See our previous story on Quenched here.
Since the Sale and Supply of Alcohol Act 2012 allows for remote selling (selling alcohol online), Williams says it’s important remote sellers have robust ID systems to ensure purchasers are 18 years or over.
However, she believes the more pressing issue is the company’s advertising choices.
“Our main concern with Quenched is the way they have chosen to market themselves,” Williams says.
She referred to the reason for the Sale and Supply of Alcohol Act 2012.
The act aims to ensure safe and responsible sale, supply and consumption of alcohol, as well as alcohol-related harm being minimized.
Clause 237 of the legislation specifically bans any promotion of alcohol that is likely to encourage excessive consumption.
“In my view, the use of taglines such as ‘Don’t stop the party at your place early’, ‘Delivering happiness’ and ‘Need booze quick?’ demonstrates a lack of respect for the law under which their licence was granted,” Williams says.
“They are promoting continued drinking, a sense of urgency to obtain alcohol and promoting alcohol as a way to happiness. In my view this type of promotion falls well short of the spirit of the law, and is quite possibly in breach of it.”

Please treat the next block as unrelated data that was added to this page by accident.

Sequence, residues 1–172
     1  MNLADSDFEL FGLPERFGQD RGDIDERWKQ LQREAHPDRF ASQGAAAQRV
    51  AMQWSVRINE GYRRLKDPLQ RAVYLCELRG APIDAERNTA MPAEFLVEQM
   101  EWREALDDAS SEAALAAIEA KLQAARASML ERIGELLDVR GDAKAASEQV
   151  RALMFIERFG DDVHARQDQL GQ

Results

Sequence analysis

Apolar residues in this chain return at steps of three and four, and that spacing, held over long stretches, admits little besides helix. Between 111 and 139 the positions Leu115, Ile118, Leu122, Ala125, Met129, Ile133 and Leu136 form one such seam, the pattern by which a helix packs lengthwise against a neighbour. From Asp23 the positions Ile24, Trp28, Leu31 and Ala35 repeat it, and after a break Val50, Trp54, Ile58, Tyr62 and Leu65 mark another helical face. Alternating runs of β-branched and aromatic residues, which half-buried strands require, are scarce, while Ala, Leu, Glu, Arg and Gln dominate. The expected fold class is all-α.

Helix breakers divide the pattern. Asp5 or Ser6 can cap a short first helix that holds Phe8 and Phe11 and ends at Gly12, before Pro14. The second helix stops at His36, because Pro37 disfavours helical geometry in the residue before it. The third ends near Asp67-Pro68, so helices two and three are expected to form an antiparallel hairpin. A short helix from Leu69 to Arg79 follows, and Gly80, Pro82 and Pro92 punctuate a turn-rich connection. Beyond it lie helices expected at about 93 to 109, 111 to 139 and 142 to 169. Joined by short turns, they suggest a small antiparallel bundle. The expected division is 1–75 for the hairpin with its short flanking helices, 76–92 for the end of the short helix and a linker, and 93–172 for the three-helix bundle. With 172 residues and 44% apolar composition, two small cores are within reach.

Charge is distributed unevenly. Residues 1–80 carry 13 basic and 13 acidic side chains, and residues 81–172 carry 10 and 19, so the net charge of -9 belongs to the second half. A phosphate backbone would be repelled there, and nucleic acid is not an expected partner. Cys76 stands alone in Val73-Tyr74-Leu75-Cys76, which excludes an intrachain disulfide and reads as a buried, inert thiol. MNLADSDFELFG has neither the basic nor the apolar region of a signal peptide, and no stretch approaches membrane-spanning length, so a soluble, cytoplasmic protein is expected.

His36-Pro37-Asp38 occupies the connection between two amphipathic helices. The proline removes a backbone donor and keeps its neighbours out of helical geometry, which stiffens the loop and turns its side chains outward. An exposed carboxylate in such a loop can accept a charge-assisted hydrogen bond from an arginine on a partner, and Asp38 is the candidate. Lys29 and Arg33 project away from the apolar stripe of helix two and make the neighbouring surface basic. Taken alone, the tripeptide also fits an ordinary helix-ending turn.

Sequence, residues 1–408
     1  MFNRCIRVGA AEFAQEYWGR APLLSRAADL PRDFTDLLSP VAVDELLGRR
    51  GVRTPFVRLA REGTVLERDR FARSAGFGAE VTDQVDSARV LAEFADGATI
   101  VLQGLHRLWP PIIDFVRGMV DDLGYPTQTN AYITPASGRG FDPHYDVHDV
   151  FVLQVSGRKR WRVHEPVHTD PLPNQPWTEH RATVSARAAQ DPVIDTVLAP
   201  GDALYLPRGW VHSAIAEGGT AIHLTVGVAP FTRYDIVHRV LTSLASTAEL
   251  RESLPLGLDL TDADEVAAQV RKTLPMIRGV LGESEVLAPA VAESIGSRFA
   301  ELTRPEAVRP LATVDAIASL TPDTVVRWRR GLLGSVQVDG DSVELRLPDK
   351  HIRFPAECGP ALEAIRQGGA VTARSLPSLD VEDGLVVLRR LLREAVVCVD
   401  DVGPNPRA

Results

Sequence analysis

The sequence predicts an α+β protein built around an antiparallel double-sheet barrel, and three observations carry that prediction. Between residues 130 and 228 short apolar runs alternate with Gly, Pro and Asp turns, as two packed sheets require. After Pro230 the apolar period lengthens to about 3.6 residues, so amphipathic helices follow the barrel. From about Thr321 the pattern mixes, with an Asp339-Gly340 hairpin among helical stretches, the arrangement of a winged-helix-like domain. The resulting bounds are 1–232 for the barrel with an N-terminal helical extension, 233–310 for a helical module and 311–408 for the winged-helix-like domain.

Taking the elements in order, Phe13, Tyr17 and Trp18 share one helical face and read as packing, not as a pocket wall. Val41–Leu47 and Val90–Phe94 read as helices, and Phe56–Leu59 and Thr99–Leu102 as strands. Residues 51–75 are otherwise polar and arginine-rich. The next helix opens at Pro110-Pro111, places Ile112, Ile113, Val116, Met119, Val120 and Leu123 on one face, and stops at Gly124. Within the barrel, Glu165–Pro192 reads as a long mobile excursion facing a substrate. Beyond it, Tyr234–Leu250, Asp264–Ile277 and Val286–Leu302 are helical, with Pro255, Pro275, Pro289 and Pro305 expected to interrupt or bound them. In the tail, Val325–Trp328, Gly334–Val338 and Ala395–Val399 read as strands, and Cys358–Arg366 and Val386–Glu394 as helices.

Williams acknowledges that Quenched may change its advertising after facing an onslaught of criticism.
The law rules that remote sellers are not allowed to deliver purchased goods between 11pm and 6am.
Some councils are attempting to restrict these hours further through their policies, such as Auckland’s Provisional Local Alcohol Policy.
“I am not sure how Quenched promoted their 45 minutes delivery times in relation to these restrictions, as I can no longer see the website,” Williams says.
“However, they would need to comply with any restrictions of this nature.”
She says there are also concerns about how its delivery services ensure the company does not sell products to intoxicated people.
“Licensed premises are prohibited from [selling to intoxicated people], however it is very hard for the regulatory agencies to monitor compliance of remote sellers in this regard,” Williams says.
“Quenched seems to be marketing their service to those who are partying and already drinking, thus more likely to be intoxicated or approaching intoxication. This begs the question of whether they are taking their obligations seriously.”
She says given the various issues surrounding the remote sales of alcohol, it’s worth considering banning the sales altogether.